Film: Pandemic **
Release date: 6th May 2011
Running time: 130 mins
Director: Takahisa Zeze
Starring: Satoshi Tsumabuki, Kanningu Takeyama, Tatsuya Fuji
Reviewer: Daryl Wing
Prolific Japanese auteur Takahisa Zeze (Flying Rabbits, Moon Child) is back with Pandemic, a harrowing film starring an impressive group of actors including Satoshi Tsumabuki (Dororo, The Fast And The Furious: Tokyo Drift), Kanningu Takeyama (Memories Of Matsuko) and the much-celebrated Tatsuya Fuji (In The Realm Of The Senses, Empire Of Passion). Will this topical tale of a country threatened by a mysterious virus be the apocalyptic disaster movie it longs to be, or will it just be a calamity?
A lethal avian flu outbreak hits a small village in the Northern Philippines with the team working to contain the virus hearing unconfirmed reports that one of the residents has left the village, taking a chicken with him. Three months later, a poultry farm on the outskirts of Tokyo is found to be infected.
At a nearby hospital, doctors quickly determine that the cause of a patient’s death is not avian flu, but something much, much worse – and early estimates suggest an outbreak of this deadly plague could infect Tokyo and kill 640,000 people within weeks.
As fear quickly spreads, medical researchers race to identify and isolate the virus and to produce a vaccine. But the death toll begins to rise far more quickly than anticipated. All flights are cancelled, resulting in mass panic and chaos, and in the middle of it all, the hospital where the virus was first discovered has become a war zone. Will anyone discover a cure before it’s too late?
An old proverb reads, better a little loss than a long sorrow. Director Takahisa Zeze takes these words of wisdom and spreads its message over 130 minutes of misery and sentimental claptrap. The message is clear, and delivered during the film’s final act (if you’re lucky enough to make it that far), but if you really must lose a fly to catch a trout, surely there are ways of making an apocalyptic thriller more exciting than replacing action and chills with hospital drama best left to daytime television. On this evidence, watching a trout eat a fly would actually make for more interesting viewing.
While the basic premise of this depressing tale might sound like a rehash of Wolfgang Peterson’s impressive Outbreak (1995), watching it unfold is something else entirely; shot on a small budget, with only a handful of impressive visuals towards the end of the film as we witness Tokyo in all its desolate glory, this is perhaps the dullest disaster movie to ever grace our screens. Takahisa isn’t afraid to pull the rug from under our feet, and many characters we’ve gotten to know over the film’s duration are fatally discharged with considerable ease. It’s just a shame nobody cares. You certainly won’t be touched by it either; no matter how many times Zeze wheels out his pianist to remind us that a sad part is fast approaching.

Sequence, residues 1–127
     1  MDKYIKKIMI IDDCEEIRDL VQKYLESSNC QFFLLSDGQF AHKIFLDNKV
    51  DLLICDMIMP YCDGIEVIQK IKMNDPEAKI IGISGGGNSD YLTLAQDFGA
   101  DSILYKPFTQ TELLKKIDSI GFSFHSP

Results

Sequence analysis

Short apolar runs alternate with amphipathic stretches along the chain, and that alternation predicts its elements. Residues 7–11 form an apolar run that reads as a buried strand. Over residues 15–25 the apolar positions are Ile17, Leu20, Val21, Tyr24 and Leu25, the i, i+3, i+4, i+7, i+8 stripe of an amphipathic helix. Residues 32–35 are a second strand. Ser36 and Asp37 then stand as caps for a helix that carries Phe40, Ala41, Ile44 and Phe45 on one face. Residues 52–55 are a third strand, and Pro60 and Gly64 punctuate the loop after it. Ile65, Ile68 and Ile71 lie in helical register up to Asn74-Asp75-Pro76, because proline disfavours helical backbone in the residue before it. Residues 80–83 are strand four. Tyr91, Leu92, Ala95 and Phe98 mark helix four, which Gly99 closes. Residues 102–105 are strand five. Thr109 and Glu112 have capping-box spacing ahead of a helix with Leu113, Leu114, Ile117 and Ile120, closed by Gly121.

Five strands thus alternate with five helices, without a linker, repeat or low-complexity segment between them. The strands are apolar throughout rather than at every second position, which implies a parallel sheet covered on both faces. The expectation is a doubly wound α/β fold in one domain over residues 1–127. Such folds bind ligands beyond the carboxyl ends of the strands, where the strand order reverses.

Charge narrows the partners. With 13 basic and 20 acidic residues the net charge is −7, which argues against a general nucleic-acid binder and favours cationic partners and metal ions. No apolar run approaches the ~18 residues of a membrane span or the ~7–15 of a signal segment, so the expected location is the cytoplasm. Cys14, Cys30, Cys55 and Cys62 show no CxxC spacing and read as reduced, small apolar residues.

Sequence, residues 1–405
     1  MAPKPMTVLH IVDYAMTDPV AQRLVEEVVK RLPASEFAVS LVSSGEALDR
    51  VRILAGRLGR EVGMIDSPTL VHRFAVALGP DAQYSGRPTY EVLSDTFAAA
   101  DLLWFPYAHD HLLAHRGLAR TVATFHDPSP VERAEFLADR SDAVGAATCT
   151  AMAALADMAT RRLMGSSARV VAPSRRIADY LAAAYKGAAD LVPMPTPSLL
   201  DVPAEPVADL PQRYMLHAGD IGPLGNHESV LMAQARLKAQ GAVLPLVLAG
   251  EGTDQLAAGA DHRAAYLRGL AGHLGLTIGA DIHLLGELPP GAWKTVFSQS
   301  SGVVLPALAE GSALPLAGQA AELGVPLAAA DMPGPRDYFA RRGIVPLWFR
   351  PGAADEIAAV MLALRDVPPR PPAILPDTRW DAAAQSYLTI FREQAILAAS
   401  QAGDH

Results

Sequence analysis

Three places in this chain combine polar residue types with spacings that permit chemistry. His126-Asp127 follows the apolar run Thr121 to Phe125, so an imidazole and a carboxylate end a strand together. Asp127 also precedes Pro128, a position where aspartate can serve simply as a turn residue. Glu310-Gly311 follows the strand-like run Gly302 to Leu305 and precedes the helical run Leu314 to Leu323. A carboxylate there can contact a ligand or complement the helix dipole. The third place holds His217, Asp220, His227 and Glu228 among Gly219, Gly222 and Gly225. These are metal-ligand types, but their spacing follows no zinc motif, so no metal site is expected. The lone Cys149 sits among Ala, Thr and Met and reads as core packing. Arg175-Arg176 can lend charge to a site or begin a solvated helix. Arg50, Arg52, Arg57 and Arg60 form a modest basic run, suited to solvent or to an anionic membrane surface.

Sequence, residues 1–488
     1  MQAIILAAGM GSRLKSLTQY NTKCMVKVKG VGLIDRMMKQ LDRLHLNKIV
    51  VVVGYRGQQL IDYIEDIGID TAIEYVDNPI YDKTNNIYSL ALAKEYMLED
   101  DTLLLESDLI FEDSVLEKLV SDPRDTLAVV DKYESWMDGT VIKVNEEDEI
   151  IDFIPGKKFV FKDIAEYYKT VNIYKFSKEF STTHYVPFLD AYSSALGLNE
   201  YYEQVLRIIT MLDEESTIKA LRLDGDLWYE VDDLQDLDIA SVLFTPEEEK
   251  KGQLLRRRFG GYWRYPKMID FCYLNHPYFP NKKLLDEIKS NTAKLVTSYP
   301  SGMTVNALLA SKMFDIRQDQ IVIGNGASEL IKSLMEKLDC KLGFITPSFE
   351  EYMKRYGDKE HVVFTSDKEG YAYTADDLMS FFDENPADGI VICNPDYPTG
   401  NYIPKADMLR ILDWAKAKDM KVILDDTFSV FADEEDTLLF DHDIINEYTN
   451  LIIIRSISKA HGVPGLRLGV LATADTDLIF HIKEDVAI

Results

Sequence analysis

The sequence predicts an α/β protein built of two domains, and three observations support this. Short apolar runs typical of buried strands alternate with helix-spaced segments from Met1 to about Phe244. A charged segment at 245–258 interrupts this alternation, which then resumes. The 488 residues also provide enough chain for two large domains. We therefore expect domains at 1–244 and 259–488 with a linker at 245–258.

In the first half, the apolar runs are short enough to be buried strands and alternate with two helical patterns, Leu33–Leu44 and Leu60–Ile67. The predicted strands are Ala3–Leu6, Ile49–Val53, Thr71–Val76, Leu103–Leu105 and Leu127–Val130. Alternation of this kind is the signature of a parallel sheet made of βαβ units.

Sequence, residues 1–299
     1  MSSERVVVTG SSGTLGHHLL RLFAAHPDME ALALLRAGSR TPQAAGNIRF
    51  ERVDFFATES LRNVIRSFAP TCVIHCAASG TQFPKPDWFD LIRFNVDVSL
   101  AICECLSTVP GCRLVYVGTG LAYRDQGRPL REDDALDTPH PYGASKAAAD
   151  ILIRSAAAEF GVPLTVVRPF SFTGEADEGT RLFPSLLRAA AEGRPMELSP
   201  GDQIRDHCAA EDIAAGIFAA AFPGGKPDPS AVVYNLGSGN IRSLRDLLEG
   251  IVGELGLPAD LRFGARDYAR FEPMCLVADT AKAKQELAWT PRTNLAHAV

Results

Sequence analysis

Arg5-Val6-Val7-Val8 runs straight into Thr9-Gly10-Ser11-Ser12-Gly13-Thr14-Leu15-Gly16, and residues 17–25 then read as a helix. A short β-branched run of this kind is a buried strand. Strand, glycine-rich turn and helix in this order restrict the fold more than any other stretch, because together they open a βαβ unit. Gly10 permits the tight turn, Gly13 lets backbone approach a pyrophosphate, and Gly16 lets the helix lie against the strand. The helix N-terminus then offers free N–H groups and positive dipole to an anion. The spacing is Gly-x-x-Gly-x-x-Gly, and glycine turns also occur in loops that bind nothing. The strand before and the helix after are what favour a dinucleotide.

If you’re of the opinion that any disaster film could be improved tremendously by the addition of such wonderfully touching dialogue similar to, “I’ve seen so many people die, now it’s my turn I’m scared” and a doctor screaming “Why?” when the first victim dies, in a manner that suggests he’s never seen someone kick the bucket before, then Pandemic is the movie for you. You’ll be rewarded with a truly astonishing scene in which the only bright spark, Yuji Tanaka’s sweet nurse Mito, manages to not only keep hold of her mobile after being struck down by the deadly virus for a good ten minutes without anyone noticing, but she also sends a text message to her worried child from beyond the grave. A spoiler if ever there was one, but if it stops you from wasting two hours of your life on this tosh then you’ll be grateful in the long run.
Other failings include a lack of conflict that results in a lack of thrills, and each character’s willingness to help when some would surely be running for the exit creates a world that just isn’t very believable. Yes, it’s their job to preserve life, but this is one of the deadliest viruses known to man – a cure seemingly impossible. Wouldn’t someone sneak out the back door? The acting, a disappointment when you look at the impressive cast list, veers from average to poor then back again throughout, with some characters struggling to convince when English dialogue is required, while other performances, especially the European cameos, simply stink, and would look out of their depth on children’s television.
The biggest problem though is a complete lack of empathy for any of the characters. Too many times Takahisa ditches characterization and backstory for scenes that fail to move the story forward. He introduces a romance that doesn’t satisfy, tells a story without a hint of humour which would go some way to making this experience more pleasurable, not to mention the simplest device to make his stars likeable, and bombards us with so much death you’ll be bored by the time another character succumbs. A film that’s more miserable than sad, Pandemic can’t be saved by pretty snowstorms and the pouring rain (Takahisa’s ultimately tiring party trick).
With an impressive cast and a premise to really pull at the heartstrings, Takahisa Zeze ditches the thrills, chaos and menace a deadly virus could bring to the operating table, replacing them with a plot so slow-paced it’s probably not even worth checking for a pulse – catching a cold is more fun than this coma-inducing disaster of a movie.